Meet the Humans of the Keys

Meet the Humans of the Keys

Tuesday, March 24, 2015

Rachel Bowman, Marathon

"I have lived in Marathon for 14 years and am originally from a little town in North Carolina.
I have been exclusively spearing Lion Fish for 3 years now. My friends and I brought in about 7500 lionfish last year and we are on target to do much better this year! We spear in water from 80 feet to 200 feet and we work on reefs and wrecks.
We have noticed a decline in lionfish this year in the areas we work. I collect and submit population data on lionfish for the FWC (Florida Fish and Wildlife Conservation Commission). The trappers (lobster and stone crab) are telling us they are not finding the amount of Lion fish this year they have previously either. That is great!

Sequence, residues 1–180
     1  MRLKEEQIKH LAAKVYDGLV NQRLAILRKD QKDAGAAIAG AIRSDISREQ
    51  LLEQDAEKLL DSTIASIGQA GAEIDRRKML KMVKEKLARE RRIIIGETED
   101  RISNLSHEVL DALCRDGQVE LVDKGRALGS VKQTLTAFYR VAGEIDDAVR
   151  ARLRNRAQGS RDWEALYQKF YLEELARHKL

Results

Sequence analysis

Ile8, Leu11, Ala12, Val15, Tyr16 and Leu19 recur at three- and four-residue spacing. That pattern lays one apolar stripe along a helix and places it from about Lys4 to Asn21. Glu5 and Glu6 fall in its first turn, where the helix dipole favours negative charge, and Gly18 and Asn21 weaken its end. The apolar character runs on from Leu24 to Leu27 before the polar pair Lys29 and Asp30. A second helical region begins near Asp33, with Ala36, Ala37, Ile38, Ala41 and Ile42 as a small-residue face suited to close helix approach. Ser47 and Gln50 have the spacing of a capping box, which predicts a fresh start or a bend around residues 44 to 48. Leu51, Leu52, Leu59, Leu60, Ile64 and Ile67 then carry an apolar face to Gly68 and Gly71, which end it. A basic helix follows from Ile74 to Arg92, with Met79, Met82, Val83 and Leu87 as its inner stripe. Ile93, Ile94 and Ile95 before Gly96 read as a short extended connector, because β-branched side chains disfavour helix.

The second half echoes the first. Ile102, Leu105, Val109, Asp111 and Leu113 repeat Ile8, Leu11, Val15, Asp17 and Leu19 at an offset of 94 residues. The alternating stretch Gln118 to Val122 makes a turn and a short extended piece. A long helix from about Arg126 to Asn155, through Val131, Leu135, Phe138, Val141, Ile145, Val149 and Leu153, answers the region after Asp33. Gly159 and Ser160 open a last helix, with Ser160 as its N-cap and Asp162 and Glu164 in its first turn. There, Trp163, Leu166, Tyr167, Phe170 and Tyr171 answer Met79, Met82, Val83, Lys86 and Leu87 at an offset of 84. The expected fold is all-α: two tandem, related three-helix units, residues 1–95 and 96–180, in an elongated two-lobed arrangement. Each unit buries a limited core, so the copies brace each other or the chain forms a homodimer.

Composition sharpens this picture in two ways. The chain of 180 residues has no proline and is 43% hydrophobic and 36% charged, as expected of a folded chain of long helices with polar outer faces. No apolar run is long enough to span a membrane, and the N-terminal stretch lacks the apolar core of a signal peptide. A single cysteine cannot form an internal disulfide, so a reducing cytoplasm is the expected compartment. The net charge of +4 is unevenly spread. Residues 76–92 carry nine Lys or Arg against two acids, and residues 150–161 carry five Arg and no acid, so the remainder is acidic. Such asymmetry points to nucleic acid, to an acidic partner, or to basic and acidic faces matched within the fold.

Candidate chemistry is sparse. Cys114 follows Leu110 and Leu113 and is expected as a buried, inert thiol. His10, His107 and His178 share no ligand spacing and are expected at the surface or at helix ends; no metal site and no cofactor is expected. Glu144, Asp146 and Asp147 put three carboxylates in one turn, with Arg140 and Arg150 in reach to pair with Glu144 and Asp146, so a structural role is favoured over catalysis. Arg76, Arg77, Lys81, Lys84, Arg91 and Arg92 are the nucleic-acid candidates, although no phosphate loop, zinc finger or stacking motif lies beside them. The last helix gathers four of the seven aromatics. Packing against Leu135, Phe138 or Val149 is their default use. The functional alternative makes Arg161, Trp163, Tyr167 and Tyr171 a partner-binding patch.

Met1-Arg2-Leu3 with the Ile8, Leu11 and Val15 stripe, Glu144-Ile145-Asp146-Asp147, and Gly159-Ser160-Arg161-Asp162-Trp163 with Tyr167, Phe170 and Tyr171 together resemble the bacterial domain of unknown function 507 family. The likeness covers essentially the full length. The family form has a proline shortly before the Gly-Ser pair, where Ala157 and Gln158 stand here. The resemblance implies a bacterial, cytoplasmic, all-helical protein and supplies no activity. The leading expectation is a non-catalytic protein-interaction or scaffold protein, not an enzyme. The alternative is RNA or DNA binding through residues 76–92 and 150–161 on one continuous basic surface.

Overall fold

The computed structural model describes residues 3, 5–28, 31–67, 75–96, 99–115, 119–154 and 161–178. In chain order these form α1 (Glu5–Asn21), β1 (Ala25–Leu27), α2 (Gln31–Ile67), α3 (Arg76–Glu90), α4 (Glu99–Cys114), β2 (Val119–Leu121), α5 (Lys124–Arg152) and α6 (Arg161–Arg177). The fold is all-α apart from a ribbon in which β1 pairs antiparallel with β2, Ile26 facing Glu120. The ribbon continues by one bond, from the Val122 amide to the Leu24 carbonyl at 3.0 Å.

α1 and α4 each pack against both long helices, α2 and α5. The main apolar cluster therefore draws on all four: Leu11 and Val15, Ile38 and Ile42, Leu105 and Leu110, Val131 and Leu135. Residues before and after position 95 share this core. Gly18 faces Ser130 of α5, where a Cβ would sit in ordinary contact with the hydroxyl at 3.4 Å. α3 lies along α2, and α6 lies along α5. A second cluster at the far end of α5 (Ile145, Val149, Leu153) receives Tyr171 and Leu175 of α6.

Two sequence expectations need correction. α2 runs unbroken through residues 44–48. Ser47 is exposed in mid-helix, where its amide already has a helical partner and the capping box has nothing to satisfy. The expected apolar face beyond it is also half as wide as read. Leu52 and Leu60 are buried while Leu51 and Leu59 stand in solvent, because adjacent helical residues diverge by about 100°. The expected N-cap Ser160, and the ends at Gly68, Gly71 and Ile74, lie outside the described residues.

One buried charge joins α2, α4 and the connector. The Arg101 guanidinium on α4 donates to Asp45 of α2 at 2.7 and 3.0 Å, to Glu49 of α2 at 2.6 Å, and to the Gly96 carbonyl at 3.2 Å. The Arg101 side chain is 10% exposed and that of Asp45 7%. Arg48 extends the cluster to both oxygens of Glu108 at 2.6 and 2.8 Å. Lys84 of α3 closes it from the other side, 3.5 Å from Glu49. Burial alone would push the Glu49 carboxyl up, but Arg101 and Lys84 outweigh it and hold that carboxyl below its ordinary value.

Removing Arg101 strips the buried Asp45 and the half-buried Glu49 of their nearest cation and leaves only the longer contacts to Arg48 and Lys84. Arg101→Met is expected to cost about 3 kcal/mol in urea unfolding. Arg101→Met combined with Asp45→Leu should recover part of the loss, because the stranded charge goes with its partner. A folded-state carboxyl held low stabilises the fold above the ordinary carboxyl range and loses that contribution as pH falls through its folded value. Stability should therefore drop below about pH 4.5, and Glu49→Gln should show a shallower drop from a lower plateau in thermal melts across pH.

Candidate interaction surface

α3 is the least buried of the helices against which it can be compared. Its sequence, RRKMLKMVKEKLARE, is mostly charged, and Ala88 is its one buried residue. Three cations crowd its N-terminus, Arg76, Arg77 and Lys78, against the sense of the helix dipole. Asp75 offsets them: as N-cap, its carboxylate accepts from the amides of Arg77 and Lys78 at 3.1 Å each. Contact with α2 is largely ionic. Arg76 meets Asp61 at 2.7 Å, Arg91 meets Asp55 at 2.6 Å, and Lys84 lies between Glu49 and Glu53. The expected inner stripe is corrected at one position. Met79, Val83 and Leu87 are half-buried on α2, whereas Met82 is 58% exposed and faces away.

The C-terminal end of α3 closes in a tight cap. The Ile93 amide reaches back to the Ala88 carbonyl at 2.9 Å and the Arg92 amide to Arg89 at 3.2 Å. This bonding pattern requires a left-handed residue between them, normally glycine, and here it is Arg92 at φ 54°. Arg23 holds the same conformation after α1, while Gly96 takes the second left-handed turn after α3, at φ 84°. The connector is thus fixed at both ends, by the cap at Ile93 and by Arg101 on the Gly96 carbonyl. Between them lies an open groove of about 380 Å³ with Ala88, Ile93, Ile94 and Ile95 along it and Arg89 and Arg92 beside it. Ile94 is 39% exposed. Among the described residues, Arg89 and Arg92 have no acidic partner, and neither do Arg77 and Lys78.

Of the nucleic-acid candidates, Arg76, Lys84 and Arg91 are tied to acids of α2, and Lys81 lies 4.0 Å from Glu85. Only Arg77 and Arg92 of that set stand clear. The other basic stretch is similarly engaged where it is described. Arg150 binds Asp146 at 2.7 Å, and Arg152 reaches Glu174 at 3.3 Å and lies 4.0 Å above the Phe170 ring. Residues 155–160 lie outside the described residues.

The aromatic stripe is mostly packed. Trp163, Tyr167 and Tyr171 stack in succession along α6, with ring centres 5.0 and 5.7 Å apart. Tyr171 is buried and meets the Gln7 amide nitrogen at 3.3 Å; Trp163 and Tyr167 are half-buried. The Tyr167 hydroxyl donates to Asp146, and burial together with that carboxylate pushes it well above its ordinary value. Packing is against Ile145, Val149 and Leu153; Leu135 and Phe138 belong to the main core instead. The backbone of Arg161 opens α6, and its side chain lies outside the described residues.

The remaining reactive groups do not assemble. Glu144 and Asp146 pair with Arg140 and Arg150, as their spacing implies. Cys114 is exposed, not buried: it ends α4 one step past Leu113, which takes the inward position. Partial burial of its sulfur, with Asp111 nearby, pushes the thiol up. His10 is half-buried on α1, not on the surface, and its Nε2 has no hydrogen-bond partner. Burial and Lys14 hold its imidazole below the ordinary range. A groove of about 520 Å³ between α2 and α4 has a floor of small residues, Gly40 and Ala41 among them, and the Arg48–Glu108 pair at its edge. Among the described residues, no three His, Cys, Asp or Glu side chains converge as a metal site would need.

Our reefs here in the Keys are basically the nursery for the entire ocean, it is extremely important to keep the lionfish out of it. The reefs are where fish go to make other little fishies! Lionfish can eat 20 fish in 30 minutes. They do not get full. Scientists have observed them in tanks and they actually eat until their stomachs can't hold anymore then regurgitate and keep eating. They will eat everything and have the capacity to eat anything that is up to 2" smaller than they are. This fish can live for up to 15 years and get up to 19" in length. Once she is a year old, a female lionfish will release two million eggs per year, which are fertilized by males, and carried through currents and tides until hatching. They are as far north as RI and as far south as Venezuela, as far to the sides as the Gulf and the Caribbean.